Intel’s Project Alloy: the evolution of VR

At the Intel Development Forum 2016, Intel announced its new Project Alloy, a VR headset that I believe represents the next step in the evolution of VR. 
A couple of weeks ago, Intel engineer Dmitri Diakopoulos tweeted an image of a modified HTC Vive headset that had a “unicorn” attachment to it.  The tweet was later deleted but not before the press picked up on it.

Today, Intel​ revealed what it was really about.  Project Alloy is a VR headset that is totally wireless, has full positional tracking, and doesn’t require any external sensors.  Moreover, it can track your hands and fingers, allowing you to interact with VR objects as you would with the real-world.  Intel calls it “merged reality,” and it’s made possible by two sets of Intel’s RealSense depth-sensing cameras.  You can see from the press release that the prototype Project Alloy headset has two sets of vertically-oriented realsense cameras, just like the headset tweeted by Mr. Diakopoulos.

​Based on my experience with the HTC Vive (reviewed here), I would agree this is indeed the next logical step for VR.  You see, when you’re using the HTC Vive, you do have room-scale VR, which immerses you, but the one thing that keeps you tethered to reality (cough cough) is the cable.  First of all, it limits how far you can walk around.  Second, you have to step over the cable or unwind yourself from time to time.  They are minor but persistent annoyances that detract from the immersion.  Project Alloy solves that by using inside-out tracking.  Its RealSense cameras can detect the contours of the environment, making positional tracking possible with no external sensors.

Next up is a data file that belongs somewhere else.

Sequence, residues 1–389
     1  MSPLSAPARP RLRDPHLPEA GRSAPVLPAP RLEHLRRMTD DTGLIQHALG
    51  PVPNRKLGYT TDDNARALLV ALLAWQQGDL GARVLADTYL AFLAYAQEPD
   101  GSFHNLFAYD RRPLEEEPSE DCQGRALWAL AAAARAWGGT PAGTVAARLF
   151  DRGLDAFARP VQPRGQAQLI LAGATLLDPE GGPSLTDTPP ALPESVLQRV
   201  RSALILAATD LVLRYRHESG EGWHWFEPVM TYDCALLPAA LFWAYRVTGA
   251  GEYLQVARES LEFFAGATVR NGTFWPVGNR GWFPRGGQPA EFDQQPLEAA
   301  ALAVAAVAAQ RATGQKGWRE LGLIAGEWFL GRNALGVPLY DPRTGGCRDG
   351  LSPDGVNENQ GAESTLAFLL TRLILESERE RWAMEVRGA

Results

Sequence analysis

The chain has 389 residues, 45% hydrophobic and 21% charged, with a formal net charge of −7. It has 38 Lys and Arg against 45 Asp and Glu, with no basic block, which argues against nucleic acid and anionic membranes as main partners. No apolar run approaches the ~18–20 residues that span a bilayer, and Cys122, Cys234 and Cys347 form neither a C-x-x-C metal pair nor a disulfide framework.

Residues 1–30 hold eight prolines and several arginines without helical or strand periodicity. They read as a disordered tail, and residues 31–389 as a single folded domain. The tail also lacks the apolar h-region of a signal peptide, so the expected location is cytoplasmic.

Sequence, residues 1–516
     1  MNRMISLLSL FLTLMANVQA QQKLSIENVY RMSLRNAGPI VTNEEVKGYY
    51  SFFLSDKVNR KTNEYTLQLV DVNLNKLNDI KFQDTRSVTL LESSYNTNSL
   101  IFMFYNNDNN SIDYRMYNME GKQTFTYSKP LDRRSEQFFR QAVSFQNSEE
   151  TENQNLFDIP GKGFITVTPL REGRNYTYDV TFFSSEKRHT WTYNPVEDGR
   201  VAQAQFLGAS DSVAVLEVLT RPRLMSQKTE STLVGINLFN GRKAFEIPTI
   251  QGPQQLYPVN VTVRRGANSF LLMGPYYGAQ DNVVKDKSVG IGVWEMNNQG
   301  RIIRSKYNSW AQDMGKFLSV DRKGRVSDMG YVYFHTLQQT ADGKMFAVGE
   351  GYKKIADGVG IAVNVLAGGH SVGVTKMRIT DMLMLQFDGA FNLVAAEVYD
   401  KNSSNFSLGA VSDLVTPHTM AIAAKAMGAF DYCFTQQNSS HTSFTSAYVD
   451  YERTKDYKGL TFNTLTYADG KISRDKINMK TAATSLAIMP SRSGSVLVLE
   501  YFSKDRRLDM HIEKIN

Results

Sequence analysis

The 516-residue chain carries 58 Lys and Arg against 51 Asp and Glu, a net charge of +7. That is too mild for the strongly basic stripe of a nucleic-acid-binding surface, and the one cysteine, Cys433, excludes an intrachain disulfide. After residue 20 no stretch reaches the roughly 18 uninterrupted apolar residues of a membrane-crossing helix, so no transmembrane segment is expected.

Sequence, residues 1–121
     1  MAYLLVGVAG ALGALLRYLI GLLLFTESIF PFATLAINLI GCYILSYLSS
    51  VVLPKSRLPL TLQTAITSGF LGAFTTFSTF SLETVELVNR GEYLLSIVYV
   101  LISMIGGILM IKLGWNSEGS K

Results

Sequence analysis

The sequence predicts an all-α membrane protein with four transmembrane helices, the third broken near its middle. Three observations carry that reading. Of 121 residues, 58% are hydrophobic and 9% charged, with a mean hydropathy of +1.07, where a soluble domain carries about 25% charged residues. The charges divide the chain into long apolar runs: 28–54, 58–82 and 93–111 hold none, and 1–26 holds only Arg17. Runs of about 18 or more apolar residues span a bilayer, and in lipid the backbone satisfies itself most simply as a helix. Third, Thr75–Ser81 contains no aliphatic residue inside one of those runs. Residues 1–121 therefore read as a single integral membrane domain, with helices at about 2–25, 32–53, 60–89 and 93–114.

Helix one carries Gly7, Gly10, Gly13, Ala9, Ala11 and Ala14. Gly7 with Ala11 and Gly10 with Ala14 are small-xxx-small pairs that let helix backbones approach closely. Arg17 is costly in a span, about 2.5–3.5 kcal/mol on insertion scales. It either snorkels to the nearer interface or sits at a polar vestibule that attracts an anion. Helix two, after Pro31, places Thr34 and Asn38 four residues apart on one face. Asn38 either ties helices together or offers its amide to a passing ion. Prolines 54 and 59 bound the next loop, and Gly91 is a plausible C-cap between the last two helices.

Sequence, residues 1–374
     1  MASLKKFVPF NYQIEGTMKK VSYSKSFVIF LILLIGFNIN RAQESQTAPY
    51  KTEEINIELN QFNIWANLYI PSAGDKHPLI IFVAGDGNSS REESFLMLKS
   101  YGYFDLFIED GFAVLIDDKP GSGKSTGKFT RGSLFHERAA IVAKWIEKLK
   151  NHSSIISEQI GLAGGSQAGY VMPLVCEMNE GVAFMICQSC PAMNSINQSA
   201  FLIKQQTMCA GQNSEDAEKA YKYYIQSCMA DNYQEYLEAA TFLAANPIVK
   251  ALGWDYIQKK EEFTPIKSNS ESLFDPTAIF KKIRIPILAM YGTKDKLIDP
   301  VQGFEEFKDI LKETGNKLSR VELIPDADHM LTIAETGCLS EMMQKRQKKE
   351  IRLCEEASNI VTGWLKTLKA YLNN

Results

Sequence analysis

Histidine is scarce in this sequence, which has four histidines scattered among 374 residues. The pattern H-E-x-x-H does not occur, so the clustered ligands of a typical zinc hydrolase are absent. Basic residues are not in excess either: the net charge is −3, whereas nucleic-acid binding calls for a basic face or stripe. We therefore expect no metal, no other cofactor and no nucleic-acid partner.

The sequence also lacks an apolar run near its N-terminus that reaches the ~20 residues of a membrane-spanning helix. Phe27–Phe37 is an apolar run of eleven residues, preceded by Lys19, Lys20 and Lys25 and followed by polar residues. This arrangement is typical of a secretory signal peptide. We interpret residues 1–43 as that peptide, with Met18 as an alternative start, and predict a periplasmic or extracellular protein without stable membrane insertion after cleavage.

Moreover, everyone who has tried both the Vive and the Rift will tell you that the Vive’s motion controllers are a significant part of the immersive experience.  (That’s why the Oculus Touch is highly anticipated.)  Project Alloy builds upon that by tracking not only your hands but your fingers as well.  This makes it possible to interact with VR objects in a more natural way.  For example, you could play a virtual piano using the same motions as you would in the real world.
I speculate also that if the RealSense module becomes more commonly available, we’ll also see more depth-sensing cameras that can create 3D models / photos in realtime.
Intel will make Project Alloy open source in 2017, allowing any manufacturer to use the design to create their own merged reality headset.  As for me, I’m looking at that tweet from Mr. Diakopoulos and hoping that Intel can make a simple retrofitted attachment for the HTC Vive headset to add capabilities similar to Project Alloy.
Here is the official announcement of Project Alloy.